where \({E}_{{{{{{\rm{g}}}}}}}\) is the band gap energy. The slope of the gap-closing boundary gives the ratio of interlayer distance to total hBN thickness. Supplementary Fig. 7c shows a line fit of the gap-closing boundary for D1, which gives \({t}_{{{{{{\rm{m}}}}}}}=3.0\pm 0.2\) nm (interpreted as the effective interlayer distance, which is slightly larger than the thin hBN thickness due to finite TMD layer thickness), consistent with the value determined from optical contrast (2.7 ± 0.6 nm).

### Optical measurements

The optical measurements are performed in an optical cryostat (Quantum Design, OptiCool) with a temperature down to 2 K (nominal). We use a supercontinuum laser (Fianium Femtopower 1060 Supercontinuum Laser) as the light source for the reflection spectroscopy. The laser is focused on the sample by a 20× Mitutoyo objective with ~1.5 μm beam size. A small beam size provides a local probe that we can park in a clean region free of bubbles. We choose a very low incident laser power (on the order of 10 nW) to minimize photodoping effects. The spectra are independent of the incident light power up to 200 nW. The reflected light is collected by a spectrometer (Princeton Instruments PIXIS 256e) with 1000 ms exposure time. To minimize the influence of laser fluctuations, another laser beam directly reflected from a silver mirror is simultaneously collected to normalize the sample reflection spectra.

### Calibration of carrier density

To build a map between the reflection spectrum and carrier density, we perform gate voltage scans at low bias voltage and low vertical electric field. The gap is not closed, so at most one layer is actively doped and the other layer remains intrinsic. In this regime, the gate dependence of the doping density is well understood and can be described by a parallel capacitor model. Taking the hole layer as an example, Supplementary Fig. 5a shows such a scan. When the chemical potential lies in the bandgap (large positive \({V}_{{{{{{\rm{G}}}}}}}\)), the hole density remains zero, so the spectrum does not change with \({V}_{{{{{{\rm{G}}}}}}}\). Upon a critical voltage, the chemical potential is at the valence band edge, and the spectrum starts to change. We first determine this critical voltage from gate dependence of \(\parallel R\left(\lambda \right)-{R}_{{{{{{\rm{intrinsic}}}}}}}\left(\lambda \right)\parallel\), where \(\lambda\) denotes wavelength and \(\parallel \ldots \parallel\) means vector norm, as shown in Supplementary Fig. 5b. This quantity is a measure of the spectrum change relative to the intrinsic spectrum. We fit the initial increase to a polynomial. The crossing point of this polynomial and the constant baseline gives the critical voltage.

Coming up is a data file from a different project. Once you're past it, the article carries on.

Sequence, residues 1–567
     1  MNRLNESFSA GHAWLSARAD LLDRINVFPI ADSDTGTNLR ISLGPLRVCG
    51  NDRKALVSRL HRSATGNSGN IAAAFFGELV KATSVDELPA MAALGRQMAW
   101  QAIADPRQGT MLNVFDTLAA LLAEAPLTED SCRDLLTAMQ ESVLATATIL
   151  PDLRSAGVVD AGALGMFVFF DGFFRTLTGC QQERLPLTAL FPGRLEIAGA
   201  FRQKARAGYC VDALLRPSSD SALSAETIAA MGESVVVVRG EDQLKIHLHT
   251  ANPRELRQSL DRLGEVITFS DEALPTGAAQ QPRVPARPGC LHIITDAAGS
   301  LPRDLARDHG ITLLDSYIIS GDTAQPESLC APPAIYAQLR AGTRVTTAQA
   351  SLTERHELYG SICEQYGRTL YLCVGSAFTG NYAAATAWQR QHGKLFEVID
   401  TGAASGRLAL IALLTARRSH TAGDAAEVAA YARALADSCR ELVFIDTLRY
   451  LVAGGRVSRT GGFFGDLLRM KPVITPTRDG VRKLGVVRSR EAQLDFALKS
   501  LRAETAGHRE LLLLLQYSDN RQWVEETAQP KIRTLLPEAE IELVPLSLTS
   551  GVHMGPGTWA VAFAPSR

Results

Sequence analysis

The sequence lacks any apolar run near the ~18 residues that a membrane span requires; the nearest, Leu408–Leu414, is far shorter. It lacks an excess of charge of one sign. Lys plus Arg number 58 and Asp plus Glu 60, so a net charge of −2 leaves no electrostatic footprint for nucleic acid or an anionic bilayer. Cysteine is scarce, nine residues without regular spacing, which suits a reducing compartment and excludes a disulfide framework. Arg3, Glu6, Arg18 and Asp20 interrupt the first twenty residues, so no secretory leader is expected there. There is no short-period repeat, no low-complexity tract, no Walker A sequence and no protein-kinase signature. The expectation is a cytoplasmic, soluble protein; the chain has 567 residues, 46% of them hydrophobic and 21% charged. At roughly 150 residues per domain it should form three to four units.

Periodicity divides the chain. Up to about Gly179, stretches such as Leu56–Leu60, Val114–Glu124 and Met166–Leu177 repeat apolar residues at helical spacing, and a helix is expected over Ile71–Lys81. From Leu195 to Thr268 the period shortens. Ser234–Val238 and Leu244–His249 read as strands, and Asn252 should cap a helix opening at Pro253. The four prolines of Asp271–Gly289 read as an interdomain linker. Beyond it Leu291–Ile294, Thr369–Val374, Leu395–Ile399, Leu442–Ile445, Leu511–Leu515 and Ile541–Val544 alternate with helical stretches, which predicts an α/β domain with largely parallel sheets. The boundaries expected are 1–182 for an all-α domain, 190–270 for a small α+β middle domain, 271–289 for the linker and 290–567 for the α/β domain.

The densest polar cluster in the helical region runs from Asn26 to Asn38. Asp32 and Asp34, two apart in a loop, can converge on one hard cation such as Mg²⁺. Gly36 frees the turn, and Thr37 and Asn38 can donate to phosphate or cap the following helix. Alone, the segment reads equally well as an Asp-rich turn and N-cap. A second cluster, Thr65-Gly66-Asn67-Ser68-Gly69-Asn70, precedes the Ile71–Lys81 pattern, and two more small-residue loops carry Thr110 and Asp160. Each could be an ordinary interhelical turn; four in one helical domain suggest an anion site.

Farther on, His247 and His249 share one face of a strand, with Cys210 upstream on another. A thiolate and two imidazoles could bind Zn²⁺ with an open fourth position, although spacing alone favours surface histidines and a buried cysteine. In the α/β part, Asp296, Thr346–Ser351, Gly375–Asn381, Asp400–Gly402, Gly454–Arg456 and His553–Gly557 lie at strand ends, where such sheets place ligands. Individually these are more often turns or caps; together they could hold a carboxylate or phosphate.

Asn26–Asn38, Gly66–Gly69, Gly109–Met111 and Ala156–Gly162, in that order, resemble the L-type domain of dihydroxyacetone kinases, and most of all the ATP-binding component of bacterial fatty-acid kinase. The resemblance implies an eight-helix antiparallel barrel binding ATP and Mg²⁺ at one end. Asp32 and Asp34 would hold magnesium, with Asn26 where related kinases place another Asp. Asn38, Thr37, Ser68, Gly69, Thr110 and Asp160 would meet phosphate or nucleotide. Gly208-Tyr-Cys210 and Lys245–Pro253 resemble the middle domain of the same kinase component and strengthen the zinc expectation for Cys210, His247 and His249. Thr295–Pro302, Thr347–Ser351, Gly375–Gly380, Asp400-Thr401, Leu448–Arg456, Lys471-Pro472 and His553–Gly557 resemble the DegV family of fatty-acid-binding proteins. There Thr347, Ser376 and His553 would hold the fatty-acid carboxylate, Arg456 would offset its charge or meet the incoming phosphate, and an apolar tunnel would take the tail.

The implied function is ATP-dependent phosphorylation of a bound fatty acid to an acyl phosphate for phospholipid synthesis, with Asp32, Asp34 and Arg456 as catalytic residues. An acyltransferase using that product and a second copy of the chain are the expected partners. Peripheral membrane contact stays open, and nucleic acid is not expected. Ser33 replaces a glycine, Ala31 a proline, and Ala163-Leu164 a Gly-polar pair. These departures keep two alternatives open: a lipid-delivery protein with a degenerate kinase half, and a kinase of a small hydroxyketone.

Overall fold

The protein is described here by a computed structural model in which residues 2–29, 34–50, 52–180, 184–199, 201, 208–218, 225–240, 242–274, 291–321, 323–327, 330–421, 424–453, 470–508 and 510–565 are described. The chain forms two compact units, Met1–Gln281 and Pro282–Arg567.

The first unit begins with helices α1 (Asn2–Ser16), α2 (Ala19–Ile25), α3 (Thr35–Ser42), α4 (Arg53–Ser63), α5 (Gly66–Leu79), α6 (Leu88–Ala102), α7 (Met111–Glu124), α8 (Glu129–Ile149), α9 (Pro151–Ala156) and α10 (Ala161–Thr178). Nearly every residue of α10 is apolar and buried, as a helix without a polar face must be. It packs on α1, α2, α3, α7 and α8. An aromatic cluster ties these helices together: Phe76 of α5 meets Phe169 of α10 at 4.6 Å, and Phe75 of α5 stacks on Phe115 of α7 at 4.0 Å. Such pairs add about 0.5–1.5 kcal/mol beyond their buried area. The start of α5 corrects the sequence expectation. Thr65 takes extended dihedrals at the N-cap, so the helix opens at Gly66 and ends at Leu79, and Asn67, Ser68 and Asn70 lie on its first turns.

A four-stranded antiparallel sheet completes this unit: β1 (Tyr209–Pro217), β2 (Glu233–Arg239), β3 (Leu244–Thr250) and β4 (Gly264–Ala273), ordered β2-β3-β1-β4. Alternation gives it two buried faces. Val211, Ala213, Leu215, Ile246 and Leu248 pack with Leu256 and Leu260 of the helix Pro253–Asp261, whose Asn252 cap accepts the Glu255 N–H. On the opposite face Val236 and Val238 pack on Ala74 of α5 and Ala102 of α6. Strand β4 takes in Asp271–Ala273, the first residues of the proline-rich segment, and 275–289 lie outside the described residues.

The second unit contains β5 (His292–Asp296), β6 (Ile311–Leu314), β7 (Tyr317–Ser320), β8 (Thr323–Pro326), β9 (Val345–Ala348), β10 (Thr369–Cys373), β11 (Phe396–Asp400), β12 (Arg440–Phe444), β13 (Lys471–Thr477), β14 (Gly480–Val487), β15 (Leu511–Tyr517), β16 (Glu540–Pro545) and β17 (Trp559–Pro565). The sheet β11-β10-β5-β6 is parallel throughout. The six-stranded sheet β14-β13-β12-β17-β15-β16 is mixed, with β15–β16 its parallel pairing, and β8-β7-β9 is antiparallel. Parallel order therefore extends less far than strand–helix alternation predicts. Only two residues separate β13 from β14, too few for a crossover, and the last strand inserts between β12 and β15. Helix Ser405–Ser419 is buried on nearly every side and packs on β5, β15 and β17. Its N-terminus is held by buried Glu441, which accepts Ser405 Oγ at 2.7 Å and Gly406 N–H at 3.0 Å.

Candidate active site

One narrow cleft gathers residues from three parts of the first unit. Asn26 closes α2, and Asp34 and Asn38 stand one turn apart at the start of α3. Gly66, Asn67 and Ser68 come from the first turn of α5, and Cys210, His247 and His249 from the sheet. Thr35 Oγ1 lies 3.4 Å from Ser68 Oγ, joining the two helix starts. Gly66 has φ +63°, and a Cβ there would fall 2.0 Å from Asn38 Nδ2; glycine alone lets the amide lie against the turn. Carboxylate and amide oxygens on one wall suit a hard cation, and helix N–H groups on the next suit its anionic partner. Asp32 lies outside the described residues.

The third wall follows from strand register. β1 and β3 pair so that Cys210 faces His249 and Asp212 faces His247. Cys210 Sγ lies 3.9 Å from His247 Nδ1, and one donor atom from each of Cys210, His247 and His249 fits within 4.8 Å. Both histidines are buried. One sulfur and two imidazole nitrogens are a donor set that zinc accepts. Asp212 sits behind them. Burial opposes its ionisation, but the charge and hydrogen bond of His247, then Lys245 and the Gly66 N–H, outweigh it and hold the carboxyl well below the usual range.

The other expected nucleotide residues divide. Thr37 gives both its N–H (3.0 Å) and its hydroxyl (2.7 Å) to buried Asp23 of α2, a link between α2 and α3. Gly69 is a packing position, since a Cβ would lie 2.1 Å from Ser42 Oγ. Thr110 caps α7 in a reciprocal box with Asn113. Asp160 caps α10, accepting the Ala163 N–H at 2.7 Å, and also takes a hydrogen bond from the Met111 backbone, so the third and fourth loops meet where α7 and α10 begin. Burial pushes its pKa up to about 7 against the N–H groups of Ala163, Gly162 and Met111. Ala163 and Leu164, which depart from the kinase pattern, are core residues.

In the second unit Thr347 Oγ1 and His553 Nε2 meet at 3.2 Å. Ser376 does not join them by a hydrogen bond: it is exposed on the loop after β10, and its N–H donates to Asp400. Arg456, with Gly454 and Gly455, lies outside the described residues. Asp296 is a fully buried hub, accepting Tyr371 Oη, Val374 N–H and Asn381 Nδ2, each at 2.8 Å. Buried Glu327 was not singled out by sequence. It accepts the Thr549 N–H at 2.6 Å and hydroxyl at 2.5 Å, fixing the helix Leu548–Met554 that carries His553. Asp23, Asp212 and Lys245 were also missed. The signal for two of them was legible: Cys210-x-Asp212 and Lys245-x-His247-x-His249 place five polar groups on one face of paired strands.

When the gate voltage is further decreased, holes start to fill the valence band. The hole density is then solved from \({\mu }_{{{{{{\rm{h}}}}}}}({n}_{{{{{{\rm{h}}}}}}})+e{\phi }_{{{{{{\rm{h}}}}}}}({n}_{{{{{{\rm{h}}}}}}})=e{V}_{{{{{{\rm{h}}}}}}}-{E}_{{{{{{\rm{v}}}}}}}\), as shown in Supplementary Fig. 5b. Hartree-Fock theory gives the relation between the chemical potential and density^{38}:

where \(\hslash\) is the reduced Planck constant, and \({m}_{h}^{*}\) is the hole effective mass. The first term is the non-interacting kinetic energy, and the second term describes the Coulomb interactions. \({\epsilon }_{h}=5.7\) is the effective dielectric constant for the hole layer, which is given by the following procedure: We build a layered dielectric environment according to our device geometry, where the anisotropic dielectric constant of hBN, WSe_{2} and MoSe_{2} are all considered^{44}. The screening from the graphite gates is included by applying Dirichlet boundary condition for the electrostatic potential. A point charge is placed inside the WSe_{2} layer, and we numerically solve the Poisson’s equation to get the electric potential as a function of the in-plane distance \(r\) to the point charge. This potential is fitted to a \(1/r\) decay to get the effective dielectric constant.

In fact, the quantum capacitance is much larger than the geometrical capacitance in our device geometry. Even if we ignore this intralayer correlation effect, the carrier density calibration only changes by ~10%. Supplementary Fig. 5c displays the WSe_{2} reflection spectrum as a function of hole density. The electron density in the MoSe_{2} layer is determined in the same way (Supplementary Fig. 5d). With such density calibration maps, the spectrum-matching gives the electron and hole densities in the e-h regime, which is then used to determine the chemical potentials. We check the self-consistency by comparing the determined \({\mu }_{{{{{{\rm{h}}}}}}}({n}_{{{{{{\rm{h}}}}}}},{n}_{{{{{{\rm{e}}}}}}}=0)\) to Eq. (8) and estimate the typical error (standard deviation) of the experimentally determined chemical potential to be 4 meV.

### Mean-field theory